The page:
Scientists discover new emperor penguin colony in Antarctica – by spotting their poo from space | Climate News

Scientists have discovered a new emperor penguin colony in Antarctica from space, using satellite-mapping technology.

The colony, which is home to 500 birds, was identified by penguin guano – poo – stains, which contrast against the stark white snow and rock.

The site at Verleger Point, West Antarctica, has been announced to mark Penguin Awareness Day.

It brings the total number of known emperor penguin breeding sites around the coastline of the continent to 66, according to the British Antarctic Survey (BAS).

Emperor penguin chicks pictured on the colony
Emperor penguin chicks pictured on the colony

Scientists examined pictures from the European Space Agency’s Copernicus Sentinel-2 satellite mission.

They compared the images to high resolution shots taken by the MAXAR WorldView3 – said to be the world’s most advanced Earth observation satellite.

Lead author of the research Dr Peter Fretwell said: “This is an exciting discovery. The new satellite images of Antarctica’s coastline have enabled us to find many new colonies.”

But he added: “Whilst this is good news, like many of the recently discovered sites, this colony is small and in a region badly affected by recent sea ice loss.”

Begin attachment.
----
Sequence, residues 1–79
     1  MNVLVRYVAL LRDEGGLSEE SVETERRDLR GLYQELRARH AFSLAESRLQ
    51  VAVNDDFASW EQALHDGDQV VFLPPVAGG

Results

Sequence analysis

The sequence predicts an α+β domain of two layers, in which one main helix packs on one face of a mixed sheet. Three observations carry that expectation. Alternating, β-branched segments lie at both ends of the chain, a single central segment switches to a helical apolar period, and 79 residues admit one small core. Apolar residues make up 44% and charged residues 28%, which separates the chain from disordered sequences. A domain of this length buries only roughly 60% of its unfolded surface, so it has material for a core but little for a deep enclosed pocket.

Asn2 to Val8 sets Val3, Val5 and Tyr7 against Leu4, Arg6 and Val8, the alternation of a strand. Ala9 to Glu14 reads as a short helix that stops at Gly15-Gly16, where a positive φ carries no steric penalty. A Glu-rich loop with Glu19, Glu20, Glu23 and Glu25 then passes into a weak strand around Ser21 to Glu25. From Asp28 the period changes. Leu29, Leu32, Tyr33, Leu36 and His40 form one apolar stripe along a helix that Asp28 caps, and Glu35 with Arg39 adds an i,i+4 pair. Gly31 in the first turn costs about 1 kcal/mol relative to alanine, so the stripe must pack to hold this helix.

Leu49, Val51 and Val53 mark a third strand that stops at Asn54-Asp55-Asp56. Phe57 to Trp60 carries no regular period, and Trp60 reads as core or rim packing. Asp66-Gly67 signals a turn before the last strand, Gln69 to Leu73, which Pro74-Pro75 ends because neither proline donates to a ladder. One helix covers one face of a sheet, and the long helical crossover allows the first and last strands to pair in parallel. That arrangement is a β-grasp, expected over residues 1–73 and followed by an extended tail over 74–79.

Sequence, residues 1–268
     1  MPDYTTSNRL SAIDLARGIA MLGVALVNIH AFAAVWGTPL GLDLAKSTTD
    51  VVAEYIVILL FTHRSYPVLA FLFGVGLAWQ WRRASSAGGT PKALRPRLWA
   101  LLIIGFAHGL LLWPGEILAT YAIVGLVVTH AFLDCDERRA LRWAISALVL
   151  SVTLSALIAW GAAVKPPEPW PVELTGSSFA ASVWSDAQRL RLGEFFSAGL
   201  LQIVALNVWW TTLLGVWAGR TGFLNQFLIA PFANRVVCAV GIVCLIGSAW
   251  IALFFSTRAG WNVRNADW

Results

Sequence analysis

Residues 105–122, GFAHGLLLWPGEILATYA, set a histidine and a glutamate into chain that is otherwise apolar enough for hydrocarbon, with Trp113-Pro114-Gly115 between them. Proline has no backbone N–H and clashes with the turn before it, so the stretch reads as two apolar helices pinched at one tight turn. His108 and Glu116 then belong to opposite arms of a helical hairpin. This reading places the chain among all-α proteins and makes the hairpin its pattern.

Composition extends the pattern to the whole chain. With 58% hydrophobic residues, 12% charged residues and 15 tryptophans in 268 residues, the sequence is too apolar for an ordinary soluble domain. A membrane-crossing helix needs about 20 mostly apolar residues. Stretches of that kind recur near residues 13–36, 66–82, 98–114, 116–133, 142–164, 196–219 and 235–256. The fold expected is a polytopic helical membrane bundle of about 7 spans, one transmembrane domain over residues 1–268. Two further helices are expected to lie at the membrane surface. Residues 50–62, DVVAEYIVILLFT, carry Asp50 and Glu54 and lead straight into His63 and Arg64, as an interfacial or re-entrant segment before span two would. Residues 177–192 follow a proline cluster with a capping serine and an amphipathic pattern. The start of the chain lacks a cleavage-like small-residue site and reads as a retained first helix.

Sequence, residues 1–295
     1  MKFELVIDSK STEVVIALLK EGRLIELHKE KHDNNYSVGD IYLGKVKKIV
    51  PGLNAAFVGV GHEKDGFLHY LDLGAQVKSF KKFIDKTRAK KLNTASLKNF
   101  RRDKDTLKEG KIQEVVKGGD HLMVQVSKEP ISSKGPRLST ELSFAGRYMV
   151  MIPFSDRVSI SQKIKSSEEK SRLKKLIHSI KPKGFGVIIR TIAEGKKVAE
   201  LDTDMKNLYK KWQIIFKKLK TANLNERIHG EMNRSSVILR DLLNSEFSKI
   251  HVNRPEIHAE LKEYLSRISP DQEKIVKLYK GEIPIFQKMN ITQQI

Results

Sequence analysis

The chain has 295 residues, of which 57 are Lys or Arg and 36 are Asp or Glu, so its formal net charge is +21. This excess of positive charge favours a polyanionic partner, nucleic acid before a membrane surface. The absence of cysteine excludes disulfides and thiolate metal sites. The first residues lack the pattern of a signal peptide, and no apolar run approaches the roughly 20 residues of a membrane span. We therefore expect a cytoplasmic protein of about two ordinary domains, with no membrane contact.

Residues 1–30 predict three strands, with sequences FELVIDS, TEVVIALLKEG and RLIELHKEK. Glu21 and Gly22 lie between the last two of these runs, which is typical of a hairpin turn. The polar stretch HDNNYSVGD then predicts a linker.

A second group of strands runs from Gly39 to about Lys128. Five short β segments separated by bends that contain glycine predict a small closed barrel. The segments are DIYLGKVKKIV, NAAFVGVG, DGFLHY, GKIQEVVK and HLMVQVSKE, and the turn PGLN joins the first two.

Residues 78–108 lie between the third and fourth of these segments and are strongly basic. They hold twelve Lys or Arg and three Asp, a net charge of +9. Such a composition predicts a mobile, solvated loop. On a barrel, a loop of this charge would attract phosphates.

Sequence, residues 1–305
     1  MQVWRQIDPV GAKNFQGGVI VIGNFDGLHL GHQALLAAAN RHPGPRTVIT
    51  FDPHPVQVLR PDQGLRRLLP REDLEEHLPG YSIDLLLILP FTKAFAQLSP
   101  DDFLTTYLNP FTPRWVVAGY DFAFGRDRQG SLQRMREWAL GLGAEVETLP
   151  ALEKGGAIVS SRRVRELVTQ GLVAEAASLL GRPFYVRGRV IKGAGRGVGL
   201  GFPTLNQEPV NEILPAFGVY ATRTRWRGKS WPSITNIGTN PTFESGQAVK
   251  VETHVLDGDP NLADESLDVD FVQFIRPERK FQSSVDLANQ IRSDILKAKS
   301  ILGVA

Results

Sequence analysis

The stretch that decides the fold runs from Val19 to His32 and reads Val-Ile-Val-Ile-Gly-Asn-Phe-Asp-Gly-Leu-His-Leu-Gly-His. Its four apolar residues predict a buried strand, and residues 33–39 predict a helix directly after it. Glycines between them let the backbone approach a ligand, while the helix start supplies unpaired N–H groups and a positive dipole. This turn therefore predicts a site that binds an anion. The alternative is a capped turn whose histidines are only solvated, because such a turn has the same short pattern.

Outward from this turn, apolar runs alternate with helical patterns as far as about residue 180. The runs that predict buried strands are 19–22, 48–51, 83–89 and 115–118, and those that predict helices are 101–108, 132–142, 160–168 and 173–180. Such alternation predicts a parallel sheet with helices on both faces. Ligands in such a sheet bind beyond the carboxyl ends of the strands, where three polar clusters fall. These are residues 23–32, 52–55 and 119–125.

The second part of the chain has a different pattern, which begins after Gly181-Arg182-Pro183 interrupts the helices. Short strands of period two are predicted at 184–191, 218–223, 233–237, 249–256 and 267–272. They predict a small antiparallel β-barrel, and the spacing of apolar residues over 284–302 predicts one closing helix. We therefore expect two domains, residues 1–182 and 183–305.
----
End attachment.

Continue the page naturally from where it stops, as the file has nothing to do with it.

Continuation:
BAS researchers have spent the past 15 years hunting for new colonies by searching satellite images for penguin guano.

Half of the known colonies have been discovered using satellite imagery, the scientists said.

Emperor penguins, the largest of the 18 species of flightless birds, measure around 1.2m (almost 4ft).

The colony was discovered in Antarctica using satellite mapping technology.
The colony was discovered in Antarctica using satellite mapping technology

They need sea ice to breed and are often found in icy climates with temperatures plunging to as low as -60C.

They are typically found in remote and inaccessible areas, making them notoriously difficult to study.

The species is particularly vulnerable to the loss of sea ice, which is expected to decline due to climate change.

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Recent projections suggest that 80% of colonies will be quasi-extinct – meaning the population is unsustainable – by the end of the century, the BAS has warned.

The research was paid for by science funding body, UKRI-NERC, with a contribution from conservation charity WWF, as part of the Wildlife from Space project.

Led by Dr Fretwell, the project is also employing satellite technology to track down and monitor walruses, whales, seals and albatrosses.